"We don't know for sure," he replied, just before walking along with the woman again. "They say there was an explosion in the school, and now the whole town is a fucking hell."
"In the school?" Carrie's prom came to mind immediately, and this thought was followed by several much worse ones. "It was an accident? A gas leak?"
"No, it was… it was…" It seemed for a moment that the officer wanted to say something. Still, he abruptly hesitated as if he was having trouble putting his ideas into shape.
"What? What was it?"
The officer stammered doubtfully. He turned away as if searching for the answer from the crowd around him.
"Carrie White," the woman he was carrying suddenly blurted out, catching the psychiatrist off guard. The woman was staring absently at the ground. "It was her... it was Carrie White..."
Matilda felt a knot in her stomach at hearing that.
"What are you talking about? Are you sure of that? Where's Carrie?"
"I ... I don't know ..." she murmured doubtfully, turning her to see slowly. "I don't even know who Carrie White is..."
Matilda was dumbfounded upon hearing that. She looked at the officer, and he said nothing but seemed convinced to support the statement.
"Get away from here, miss," the policeman told her, starting to walk away. "There may be more explosions!"
The brunette stayed in place for a few seconds, lost in her own thoughts. After a few moments, she managed to move and began to move quickly back to her car.
The reaction of that woman and that policeman was unintelligible. What had they seen or heard to be in that condition, and what did Carrie have to do with it? Could that horrible scenario really have been caused by her, as those two individuals seemed to suppose? She understood at least one of those points just as she sat back in the driver's seat of her vehicle: they were having implanted thoughts.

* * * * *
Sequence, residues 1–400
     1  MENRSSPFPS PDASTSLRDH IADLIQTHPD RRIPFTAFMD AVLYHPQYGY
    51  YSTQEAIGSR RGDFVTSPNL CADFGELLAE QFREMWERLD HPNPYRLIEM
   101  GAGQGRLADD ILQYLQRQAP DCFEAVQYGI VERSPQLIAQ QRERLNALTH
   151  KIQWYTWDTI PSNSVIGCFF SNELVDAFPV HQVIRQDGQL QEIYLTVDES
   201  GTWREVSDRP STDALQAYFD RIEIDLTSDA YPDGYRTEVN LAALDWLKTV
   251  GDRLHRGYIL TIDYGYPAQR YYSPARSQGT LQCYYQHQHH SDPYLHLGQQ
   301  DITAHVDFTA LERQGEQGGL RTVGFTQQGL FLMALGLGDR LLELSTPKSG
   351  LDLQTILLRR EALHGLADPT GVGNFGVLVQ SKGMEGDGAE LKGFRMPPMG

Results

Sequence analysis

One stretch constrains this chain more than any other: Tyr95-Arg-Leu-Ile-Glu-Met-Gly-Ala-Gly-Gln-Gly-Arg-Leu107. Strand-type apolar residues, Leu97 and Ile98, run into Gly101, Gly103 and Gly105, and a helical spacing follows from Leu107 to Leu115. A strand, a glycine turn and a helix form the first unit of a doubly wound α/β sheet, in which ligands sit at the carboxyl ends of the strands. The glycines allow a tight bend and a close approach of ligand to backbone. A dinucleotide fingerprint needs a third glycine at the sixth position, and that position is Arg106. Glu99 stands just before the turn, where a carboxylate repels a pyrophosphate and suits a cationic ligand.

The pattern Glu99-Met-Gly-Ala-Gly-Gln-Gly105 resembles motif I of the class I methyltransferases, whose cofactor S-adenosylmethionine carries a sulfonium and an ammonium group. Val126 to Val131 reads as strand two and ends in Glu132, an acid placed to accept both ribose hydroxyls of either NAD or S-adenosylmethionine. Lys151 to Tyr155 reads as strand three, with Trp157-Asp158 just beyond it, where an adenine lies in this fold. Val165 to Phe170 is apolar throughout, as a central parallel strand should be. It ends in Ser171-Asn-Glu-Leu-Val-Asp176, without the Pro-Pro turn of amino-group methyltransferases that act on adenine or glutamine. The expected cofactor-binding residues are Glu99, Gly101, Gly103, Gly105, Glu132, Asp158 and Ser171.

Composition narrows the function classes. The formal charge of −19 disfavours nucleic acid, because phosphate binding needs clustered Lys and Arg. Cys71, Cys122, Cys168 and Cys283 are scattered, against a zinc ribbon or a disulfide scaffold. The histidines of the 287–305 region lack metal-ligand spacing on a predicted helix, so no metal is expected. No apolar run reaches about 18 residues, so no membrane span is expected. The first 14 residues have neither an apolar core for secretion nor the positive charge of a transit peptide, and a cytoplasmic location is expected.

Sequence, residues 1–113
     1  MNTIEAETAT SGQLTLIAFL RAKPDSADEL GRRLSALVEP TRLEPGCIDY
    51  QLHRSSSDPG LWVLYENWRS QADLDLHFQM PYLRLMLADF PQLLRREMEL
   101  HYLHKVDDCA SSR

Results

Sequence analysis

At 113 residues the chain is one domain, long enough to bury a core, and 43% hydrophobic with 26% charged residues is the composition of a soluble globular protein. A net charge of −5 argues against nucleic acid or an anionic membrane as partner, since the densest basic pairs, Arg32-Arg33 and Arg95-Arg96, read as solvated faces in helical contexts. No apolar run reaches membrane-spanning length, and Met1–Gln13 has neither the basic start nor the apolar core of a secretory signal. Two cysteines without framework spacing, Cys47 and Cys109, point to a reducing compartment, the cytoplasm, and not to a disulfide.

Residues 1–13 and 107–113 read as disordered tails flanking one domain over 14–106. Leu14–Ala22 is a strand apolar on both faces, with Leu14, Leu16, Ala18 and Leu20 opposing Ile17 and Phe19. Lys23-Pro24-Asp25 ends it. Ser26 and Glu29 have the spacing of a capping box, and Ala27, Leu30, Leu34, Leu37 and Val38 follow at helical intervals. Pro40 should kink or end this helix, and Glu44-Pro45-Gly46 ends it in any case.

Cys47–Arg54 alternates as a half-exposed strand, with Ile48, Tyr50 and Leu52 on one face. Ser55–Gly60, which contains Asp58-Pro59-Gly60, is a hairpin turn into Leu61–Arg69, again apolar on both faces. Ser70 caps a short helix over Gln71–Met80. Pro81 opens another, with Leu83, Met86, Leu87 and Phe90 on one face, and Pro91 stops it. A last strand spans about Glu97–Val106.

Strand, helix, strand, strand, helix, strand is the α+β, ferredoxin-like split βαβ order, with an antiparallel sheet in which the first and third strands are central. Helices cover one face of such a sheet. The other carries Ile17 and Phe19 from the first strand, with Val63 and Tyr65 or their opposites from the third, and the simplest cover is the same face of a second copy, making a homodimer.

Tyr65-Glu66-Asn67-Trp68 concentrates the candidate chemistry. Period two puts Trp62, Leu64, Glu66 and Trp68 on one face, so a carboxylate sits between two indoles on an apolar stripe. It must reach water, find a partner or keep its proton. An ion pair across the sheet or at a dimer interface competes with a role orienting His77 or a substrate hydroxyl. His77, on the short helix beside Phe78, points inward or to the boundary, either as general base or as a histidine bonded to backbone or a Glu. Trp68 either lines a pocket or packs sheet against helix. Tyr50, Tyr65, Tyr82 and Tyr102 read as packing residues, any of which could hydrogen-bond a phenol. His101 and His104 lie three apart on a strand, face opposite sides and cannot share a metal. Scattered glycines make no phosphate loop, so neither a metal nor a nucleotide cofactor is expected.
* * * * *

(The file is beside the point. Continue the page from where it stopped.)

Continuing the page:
She hadn't treated Carrie enough to know whether or not she possessed telepathic abilities, but she knew it was quite possible. And suppose her abilities had gotten entirely out of control. In that case, she could be implanting her thoughts on the people around her without notice it. But, to that magnitude? All those people at the same time? What had happened to upset her so much? And all that destruction?
A part of her still refused to believe that Carrie could be responsible for such a disaster. But... hadn't she seen it herself? Hadn't she witnessed the amount of violence she was capable of? If something terrible enough had happened at the dance, she couldn't be sure of what might and might not occur. The truth was that if Carrie's telekinesis was as strong as she supposed, she could potentially be able to do all that... and more...
No, she couldn't get carried away with that thought. Whether or not Carrie had to do with all that, she had to find her first and see that she was okay. Then she would help her get through all of that.
Matilda pressed her hands carefully against the steering wheel, closed her eyes, and took a deep breath. Being a tracker wasn't her thing, but if Carrie found herself relaying her emotions and thoughts with that intensity, maybe even she could detect where the girl was. After all, that vision had come to her for a reason. There must be some open channel through which she could find her.
It took a while, but in the end, she could see something: the wobbly image of a house slowly approaching her.
Matilda opened her eyes abruptly and realized in those moments that a couple of tears had escaped from her and slid down her cheeks. That reaction… She guessed it wasn't really her. But didn't have time to think about it too much. She had recognized the house, and it was the obvious place to start looking.
She started the vehicle, reversed looking back to make sure no one was in his way, and then turned into the streets to go to the place she had seen.
— — — —
After driving for a few minutes, Matilda realized that she had almost entirely moved away from the chaos that reigned in the center. Unlike the main avenue, Carrie's street was on was quiet and totally alone. Even so, the damage was not entirely absent. As she moved on, she came across two other overturned cars and some fallen posters. There was no light in any streetlight or in a house, so her only guide through all that gloom was the headlights of her car and a little of what the stars and the moon managed to light.